News Update - Irish Community Air Ambulance
Charity to invest €180,000 with new ground teams in Meath, Kildare and Waterford

The Irish Community Air Ambulance has launched a new campaign to further expand its team of Volunteer Emergency Medical Responders and to supply them with vital equipment and new specialist response vehicles.

The charity’s ground-based team of Emergency Medical Responders have responded to 500 medical emergencies during the first 10 months of the year including Creeslough, Co Donegal. Two of the organisation’s volunteer doctors were tasked to the tragedy and were in a position to establish two temporary Intensive Care Units at the scene to treat the most injured with the support of the National Ambulance Service.

This Christmas, the Irish Community Air Ambulance is asking businesses and supporters to donate whatever they can through its website. A basic responder bag costs €1,500, enhanced responder bags are €3,000 and assessment kits cost €200.

The organisation now has a network of Volunteer Emergency Medical Responders on the ground in Dublin, Mayo and Donegal. This is in addition to the helicopter  which is based in Rathcool, Co Cork. It works in partnership with the National Ambulance Service and is tasked to treat serious and life threatening emergencies.

The Irish Community Air Ambulance plans to invest €180,000 in upgrading three of its existing rapid response vehicles in 2023. More vehicles staffed by Volunteer Emergency Medical Responders are due to take to the roads next year in counties Meath, Kildare, Wicklow and Waterford. That will bring the total number of critical care doctors volunteering with the service to nine.

CEO of the Irish Community Air Ambulance, Micheál Sheridan said, “Our Volunteer Emergency Medical Responders are highly qualified and the majority work as Consultants and Specialist Registrars in Emergency Departments across the country. They are willing to leave their families to respond to serious incidents and major emergencies in their local areas whenever they can, often late at night, early in the morning and at weekends. Their unique skill sets and expertise allows them to carry out life saving measures at the side of the road, in homes and workplaces. We want to expand our ground services to new locations across the country; however, we need the support of community fundraisers, donors and businesses to be able to do that.”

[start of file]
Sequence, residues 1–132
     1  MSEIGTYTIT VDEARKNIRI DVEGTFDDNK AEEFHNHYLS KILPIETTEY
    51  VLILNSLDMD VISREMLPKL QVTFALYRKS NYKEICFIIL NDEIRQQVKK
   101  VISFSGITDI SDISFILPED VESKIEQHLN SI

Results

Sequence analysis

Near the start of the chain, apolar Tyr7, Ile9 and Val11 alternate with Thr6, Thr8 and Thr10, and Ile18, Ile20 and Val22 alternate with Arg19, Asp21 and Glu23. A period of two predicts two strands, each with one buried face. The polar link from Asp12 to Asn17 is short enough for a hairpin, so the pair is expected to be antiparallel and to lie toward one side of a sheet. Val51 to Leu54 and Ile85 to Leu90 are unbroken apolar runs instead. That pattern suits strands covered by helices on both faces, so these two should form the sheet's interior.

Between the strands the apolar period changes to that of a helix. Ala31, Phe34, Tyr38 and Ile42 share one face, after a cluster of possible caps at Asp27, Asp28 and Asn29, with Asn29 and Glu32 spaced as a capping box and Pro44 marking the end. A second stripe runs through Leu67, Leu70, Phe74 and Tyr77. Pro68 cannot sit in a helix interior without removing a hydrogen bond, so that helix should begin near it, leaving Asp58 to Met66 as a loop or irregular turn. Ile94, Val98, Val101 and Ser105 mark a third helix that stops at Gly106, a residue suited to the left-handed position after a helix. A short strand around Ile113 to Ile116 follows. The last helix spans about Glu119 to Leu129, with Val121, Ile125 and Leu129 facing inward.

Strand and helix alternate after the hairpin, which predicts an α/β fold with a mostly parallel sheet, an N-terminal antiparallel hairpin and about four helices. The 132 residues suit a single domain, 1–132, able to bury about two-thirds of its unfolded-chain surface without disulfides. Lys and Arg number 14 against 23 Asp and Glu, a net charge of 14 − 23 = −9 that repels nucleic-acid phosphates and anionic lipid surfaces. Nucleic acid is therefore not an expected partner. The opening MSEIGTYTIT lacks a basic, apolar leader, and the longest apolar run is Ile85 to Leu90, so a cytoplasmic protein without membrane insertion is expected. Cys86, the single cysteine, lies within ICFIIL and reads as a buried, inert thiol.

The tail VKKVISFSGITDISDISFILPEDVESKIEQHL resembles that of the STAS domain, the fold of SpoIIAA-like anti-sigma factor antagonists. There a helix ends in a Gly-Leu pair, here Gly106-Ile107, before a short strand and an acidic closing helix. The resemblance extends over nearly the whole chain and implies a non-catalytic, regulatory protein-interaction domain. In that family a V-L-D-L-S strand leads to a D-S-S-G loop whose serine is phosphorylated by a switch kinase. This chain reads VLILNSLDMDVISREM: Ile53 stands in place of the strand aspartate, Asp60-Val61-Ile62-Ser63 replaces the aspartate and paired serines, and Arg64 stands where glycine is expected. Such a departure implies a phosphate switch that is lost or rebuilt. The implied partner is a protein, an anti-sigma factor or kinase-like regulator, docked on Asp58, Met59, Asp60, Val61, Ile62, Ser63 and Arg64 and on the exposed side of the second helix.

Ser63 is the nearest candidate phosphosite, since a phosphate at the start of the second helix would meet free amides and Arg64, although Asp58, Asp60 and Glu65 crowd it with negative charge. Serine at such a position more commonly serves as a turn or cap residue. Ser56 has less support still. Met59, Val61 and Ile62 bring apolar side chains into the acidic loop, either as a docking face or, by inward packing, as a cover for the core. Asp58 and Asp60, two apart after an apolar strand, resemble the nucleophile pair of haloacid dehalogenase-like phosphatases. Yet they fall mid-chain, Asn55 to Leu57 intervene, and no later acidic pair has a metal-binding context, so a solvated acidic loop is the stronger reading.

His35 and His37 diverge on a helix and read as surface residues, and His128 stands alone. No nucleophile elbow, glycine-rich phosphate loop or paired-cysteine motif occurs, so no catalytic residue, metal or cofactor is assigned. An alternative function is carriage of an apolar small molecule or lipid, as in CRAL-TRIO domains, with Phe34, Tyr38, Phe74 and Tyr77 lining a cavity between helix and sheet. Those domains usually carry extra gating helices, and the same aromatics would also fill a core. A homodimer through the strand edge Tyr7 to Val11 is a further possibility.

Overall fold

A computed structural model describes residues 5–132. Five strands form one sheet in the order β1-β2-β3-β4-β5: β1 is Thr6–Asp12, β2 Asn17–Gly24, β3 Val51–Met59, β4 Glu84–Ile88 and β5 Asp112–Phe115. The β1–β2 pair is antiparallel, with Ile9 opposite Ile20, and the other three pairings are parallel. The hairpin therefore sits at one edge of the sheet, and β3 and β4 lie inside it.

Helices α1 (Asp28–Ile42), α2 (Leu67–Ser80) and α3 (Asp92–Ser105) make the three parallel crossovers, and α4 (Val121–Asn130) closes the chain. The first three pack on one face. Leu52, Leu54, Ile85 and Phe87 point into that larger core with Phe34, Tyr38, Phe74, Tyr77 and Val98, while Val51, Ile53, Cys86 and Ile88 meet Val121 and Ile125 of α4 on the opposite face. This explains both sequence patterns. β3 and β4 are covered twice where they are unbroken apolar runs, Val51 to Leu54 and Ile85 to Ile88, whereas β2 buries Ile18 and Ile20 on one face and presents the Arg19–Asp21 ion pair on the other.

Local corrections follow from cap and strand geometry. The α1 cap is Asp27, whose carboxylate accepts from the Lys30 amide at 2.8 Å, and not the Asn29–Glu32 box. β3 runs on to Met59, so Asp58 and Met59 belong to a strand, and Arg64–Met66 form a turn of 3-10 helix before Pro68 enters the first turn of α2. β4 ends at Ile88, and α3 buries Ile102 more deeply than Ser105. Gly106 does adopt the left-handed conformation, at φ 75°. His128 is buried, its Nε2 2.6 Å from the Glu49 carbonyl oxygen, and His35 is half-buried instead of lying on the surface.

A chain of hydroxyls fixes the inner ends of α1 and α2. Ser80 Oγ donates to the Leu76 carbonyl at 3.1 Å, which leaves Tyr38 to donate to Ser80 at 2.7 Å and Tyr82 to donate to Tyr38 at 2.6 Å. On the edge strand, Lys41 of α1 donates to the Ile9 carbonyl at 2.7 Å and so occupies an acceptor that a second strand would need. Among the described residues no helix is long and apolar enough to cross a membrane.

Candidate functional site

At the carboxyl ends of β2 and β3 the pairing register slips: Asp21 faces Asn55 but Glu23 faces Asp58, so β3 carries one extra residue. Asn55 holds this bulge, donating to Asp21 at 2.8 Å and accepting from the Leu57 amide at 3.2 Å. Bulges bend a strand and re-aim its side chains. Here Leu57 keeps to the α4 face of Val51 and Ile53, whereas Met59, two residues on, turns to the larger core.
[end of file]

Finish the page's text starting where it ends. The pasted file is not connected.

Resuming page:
Micheál Sheridan added, “This is a very exciting time for us as we re-focus on expanding our team of volunteer Emergency Medical Responders across Ireland. We want to build and support a network of highly skilled and equipped volunteers to provide emergency medical care in critical situations and to reach people in need and to protect life in our communities but we will only be able to achieve this with the support of these communities.”

Dr Andrew Patton has been volunteering with the Irish Community Air Ambulance since January 2021. He works as a Specialist Registrar in Emergency Medicine at St Vincent’s University Hospital  and responded to 150 calls so far this year in his own time.

Dr Patton said “Our specialist emergency medical response vehicles contain vital equipment that you would usually find in an Emergency Department. This equipment is fully funded by donations to the Irish Community Air Ambulance. We work closely with the emergency services and together we can begin a patient’s critical care or intensive care journey at the scene. When we intervene earlier we give patients the best chance of survival.”

In September, the Irish Community Air Ambulance launched a fundraising campaign to raise €100,000 to purchase portable ventilators. The target has been reached and the advanced life saving equipment is set to be installed in each critical care vehicle next year.

For more information about the Irish Community Air Ambulance email:

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